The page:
• The single-responsibility principle – piece of software should have only one responsibility
  • The open–closed principle – things should be open for extension but closed for modification
  • The Liskov substitution principle – changing interface implementation should not brake software
  • The interface segregation principle – it is better to have more specialized interfaces than single big one
  • The dependency inversion principle – dependencies should be abstracted via interfaces

Further read:

.NET/C# interview questions

Equals and GetHashCode

Custom implementation is usually only necessary if default, reference equality is not enough. In example:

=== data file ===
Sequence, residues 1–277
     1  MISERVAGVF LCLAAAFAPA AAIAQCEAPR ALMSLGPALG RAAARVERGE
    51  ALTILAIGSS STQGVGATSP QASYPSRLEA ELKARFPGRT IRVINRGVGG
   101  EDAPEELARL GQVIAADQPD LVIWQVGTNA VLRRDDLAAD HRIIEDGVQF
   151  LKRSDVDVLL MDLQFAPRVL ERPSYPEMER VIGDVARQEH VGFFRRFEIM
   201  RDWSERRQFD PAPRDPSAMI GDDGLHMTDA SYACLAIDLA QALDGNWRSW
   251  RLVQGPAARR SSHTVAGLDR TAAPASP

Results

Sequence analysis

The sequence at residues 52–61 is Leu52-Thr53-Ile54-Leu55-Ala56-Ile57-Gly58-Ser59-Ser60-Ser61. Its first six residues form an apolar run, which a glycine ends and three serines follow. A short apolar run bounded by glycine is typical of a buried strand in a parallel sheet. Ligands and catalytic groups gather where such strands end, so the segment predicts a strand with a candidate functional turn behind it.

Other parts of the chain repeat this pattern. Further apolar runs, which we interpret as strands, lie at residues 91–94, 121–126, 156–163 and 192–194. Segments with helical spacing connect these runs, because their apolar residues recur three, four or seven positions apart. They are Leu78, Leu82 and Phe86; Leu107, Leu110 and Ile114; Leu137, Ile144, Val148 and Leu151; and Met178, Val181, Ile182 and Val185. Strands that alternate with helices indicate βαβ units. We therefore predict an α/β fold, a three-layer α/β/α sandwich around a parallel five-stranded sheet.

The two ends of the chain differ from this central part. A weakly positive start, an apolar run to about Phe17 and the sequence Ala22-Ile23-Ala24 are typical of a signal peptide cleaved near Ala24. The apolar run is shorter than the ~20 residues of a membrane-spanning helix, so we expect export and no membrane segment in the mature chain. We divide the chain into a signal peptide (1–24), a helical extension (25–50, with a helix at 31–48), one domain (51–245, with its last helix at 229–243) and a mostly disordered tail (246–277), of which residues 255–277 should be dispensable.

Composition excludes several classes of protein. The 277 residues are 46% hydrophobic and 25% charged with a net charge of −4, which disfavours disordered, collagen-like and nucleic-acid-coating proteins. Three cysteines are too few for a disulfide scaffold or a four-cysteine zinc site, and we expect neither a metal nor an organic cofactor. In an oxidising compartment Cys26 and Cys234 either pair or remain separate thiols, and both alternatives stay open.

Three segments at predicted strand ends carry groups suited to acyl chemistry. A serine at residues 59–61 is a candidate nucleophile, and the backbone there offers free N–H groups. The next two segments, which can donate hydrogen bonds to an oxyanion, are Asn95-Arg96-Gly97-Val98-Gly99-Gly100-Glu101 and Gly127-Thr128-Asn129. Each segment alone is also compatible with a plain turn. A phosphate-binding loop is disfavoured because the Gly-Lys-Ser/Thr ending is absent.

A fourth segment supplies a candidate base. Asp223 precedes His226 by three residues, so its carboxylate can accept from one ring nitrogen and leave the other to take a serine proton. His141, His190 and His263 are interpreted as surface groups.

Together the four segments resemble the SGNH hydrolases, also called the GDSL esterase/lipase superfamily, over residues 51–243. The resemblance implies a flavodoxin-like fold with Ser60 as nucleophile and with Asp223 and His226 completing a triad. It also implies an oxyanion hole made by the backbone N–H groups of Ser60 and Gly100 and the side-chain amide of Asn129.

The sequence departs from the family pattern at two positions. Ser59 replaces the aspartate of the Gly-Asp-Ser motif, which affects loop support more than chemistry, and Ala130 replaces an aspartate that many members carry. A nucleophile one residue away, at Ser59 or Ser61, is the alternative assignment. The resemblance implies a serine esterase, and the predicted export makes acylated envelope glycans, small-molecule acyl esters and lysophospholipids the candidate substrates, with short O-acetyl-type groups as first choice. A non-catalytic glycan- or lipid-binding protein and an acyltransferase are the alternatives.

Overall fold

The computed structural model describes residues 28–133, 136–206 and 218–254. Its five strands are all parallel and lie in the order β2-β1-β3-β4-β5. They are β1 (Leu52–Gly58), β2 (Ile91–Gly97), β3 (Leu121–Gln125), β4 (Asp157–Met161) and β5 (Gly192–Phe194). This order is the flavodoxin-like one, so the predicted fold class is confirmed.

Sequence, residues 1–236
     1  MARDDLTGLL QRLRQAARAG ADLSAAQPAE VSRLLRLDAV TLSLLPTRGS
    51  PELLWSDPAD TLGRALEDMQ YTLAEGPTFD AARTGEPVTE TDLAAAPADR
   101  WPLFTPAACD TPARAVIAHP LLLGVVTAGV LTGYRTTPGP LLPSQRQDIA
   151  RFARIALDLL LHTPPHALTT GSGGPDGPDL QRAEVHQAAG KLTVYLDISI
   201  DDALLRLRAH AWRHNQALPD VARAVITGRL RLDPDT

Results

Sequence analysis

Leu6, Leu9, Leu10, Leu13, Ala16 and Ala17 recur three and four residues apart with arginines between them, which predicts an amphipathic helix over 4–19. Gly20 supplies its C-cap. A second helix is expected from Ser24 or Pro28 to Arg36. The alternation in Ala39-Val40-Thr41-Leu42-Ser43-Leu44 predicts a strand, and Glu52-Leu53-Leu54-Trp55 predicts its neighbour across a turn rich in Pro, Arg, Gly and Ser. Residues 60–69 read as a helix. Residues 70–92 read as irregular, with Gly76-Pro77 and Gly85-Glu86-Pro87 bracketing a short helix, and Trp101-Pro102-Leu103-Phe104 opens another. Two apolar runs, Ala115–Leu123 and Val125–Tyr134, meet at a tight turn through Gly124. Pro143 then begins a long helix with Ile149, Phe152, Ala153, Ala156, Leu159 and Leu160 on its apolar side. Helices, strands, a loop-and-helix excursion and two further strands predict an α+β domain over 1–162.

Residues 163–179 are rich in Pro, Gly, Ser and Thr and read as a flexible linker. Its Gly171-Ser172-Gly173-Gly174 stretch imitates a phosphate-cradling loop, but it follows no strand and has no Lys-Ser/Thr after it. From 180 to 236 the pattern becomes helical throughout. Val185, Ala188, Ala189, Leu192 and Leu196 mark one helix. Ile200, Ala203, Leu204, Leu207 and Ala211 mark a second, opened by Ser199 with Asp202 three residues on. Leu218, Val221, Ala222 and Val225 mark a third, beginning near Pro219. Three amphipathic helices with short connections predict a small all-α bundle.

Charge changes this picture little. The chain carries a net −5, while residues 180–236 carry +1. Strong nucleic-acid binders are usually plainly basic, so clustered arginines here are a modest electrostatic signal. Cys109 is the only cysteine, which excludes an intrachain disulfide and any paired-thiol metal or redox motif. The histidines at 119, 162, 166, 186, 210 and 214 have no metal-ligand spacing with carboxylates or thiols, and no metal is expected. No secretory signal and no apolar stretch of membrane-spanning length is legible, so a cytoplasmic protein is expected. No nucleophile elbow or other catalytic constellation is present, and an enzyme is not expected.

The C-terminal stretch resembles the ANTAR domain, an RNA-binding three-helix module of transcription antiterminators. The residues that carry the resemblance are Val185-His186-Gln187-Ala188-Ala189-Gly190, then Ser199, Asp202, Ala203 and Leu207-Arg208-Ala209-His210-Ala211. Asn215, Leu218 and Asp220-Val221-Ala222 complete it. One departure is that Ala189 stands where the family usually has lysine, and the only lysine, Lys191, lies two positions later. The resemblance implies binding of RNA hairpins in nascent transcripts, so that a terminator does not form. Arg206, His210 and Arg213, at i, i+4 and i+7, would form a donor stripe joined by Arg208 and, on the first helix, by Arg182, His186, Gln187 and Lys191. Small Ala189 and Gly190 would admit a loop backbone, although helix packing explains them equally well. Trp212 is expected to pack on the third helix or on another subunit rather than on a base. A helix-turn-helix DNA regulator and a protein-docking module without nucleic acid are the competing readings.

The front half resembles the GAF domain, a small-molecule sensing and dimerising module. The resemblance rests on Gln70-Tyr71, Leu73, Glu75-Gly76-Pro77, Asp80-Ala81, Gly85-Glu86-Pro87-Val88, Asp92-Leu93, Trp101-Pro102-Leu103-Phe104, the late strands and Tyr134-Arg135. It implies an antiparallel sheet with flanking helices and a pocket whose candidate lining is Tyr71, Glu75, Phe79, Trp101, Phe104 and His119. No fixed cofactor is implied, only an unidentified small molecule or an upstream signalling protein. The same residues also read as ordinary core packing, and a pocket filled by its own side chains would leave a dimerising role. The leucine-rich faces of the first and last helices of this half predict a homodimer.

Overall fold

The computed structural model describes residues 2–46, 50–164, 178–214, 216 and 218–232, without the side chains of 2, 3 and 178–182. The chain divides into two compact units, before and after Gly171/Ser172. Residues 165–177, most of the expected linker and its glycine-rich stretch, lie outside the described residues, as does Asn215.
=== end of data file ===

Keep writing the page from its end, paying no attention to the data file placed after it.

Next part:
• entities value based equality
  • value equality of deserialized objects
  • custom comparisons based on other criterias
public class ImaginaryNumber : IEquatable<ImaginaryNumber>
    public double RealNumber { get; set; }
    public double ImaginaryUnit { get; set; }

    public override bool Equals(object obj)
        return Equals(obj as ImaginaryNumber);

    public bool Equals(ImaginaryNumber other)
        return other != null &&
               RealNumber == other.RealNumber &&
               ImaginaryUnit == other.ImaginaryUnit;

    public override int GetHashCode()
        return HashCode.Combine(RealNumber, ImaginaryUnit);